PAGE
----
Gov. Gary Herbert’s nomination of three members to the Utah Department of Alcoholic Beverage Control commission virtually assures that the majority of the board overseeing the state-run liquor monopoly remains in the hands of nondrinkers.
Herbert recommended Dennis Nordfelt be added to the liquor-control board, replacing Richard Sperry, whose four-year term ends June 30.
The governor also is nominating for reappointment Jeffrey Wright, the commission’s vice chair, to a second term. Wright is the only social drinker among the newest appointments and one of three imbibers on the seven-member board that oversees the agency that controls distribution of alcohol in the state and the authorization of liquor licenses.
Nordfelt is scheduled to go before a Senate subcommittee on June 18, prior to consideration of the two men the next day by the full Senate, which generally approves the governor’s nominees.
Wright, 44, is a managing partner and founder of the private investment firm Actium Partners LLC.
Nordfelt, 70, served as mayor of West Valley City from 2002 to 2010, and as the city’s police chief from 1987 to 1998. Earlier, he worked for the Utah Highway Patrol for 20 years and was appointed superintendent of the agency in 1981.
In 1985, Nordfelt was reappointed UHP superintendent by John T. Nielsen, then commissioner of the Public Safety Department. Coincidentally, Nielsen rounds out the trio of new board members, having been nominated earlier this year and confirmed in March by the state Senate.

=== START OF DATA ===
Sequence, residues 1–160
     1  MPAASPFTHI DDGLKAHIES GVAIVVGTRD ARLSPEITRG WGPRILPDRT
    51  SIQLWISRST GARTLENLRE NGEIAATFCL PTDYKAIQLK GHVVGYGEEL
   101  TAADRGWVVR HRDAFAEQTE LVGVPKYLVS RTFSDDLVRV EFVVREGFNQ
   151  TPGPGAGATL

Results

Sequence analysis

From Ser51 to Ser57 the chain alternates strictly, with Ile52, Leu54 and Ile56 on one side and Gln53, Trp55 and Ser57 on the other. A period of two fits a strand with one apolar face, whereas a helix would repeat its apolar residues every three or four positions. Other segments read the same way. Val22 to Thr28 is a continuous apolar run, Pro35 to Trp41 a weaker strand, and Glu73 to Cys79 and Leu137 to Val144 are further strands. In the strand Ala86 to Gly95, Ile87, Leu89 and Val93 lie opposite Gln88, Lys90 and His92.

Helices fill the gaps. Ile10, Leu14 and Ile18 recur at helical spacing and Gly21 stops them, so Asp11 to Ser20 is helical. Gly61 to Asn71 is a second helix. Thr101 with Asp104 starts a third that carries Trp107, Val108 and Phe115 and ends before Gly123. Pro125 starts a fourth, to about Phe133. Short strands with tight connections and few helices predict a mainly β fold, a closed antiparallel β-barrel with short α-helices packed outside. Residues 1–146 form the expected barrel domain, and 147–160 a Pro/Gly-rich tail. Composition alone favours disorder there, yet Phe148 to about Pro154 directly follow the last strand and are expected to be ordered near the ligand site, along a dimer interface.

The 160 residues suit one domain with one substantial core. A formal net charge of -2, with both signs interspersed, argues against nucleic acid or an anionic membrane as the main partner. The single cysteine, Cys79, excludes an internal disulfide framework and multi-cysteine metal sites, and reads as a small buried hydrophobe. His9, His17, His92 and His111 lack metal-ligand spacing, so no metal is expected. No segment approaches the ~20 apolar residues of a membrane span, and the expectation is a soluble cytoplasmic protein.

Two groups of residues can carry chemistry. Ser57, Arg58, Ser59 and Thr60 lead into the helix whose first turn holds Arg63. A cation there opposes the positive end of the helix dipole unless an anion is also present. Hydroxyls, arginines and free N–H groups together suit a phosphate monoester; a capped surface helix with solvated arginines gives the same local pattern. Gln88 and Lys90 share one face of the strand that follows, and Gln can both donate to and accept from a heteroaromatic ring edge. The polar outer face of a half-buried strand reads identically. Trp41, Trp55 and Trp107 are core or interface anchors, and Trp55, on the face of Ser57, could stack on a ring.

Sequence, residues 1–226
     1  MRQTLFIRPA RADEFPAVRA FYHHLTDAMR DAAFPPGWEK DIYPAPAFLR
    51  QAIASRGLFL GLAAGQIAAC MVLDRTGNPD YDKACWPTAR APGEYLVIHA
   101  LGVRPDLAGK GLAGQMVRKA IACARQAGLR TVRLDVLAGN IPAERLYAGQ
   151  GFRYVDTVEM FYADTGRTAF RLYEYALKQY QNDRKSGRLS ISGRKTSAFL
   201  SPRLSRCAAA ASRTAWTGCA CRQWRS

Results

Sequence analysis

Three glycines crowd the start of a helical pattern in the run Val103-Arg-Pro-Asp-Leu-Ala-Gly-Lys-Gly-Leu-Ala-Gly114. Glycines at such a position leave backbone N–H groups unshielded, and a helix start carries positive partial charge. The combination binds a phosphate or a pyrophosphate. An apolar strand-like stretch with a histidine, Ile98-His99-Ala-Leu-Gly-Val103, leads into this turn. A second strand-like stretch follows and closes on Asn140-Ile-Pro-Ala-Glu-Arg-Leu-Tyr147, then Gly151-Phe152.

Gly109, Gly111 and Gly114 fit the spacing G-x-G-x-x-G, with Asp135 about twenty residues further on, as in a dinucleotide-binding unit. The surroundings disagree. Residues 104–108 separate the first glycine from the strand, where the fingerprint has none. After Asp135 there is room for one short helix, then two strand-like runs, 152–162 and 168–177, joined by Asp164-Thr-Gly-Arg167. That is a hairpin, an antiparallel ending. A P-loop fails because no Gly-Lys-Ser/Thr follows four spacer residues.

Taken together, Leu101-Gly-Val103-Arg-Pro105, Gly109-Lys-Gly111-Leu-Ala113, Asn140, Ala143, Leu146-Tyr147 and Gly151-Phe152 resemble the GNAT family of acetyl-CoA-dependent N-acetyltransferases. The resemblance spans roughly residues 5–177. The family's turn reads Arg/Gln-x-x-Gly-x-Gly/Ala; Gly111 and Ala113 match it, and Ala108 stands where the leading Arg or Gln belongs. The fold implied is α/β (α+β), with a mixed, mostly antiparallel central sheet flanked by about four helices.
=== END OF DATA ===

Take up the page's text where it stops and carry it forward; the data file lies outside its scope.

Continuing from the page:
Nielsen, 71, a former Salt Lake County prosecutor, directed the Public Safety Department from 1985 to 1989. More recently, he served as director of government relations for Intermountain Healthcare, a health-care system in Utah and Idaho. He also led the state’s efforts on health care reform, including compliance with the federal Affordable Care Act.
The new board members will be overseeing an embattled DABC, whose annual budget tops $300 million and whose executive ranks were buffeted by a series of resignations and firings after several audits were released critical of how it had been managed. In 2011, then-executive director Dennis Kellen resigned after auditors said the agency had improperly done business with Kellen’s son, among other operational improprieties.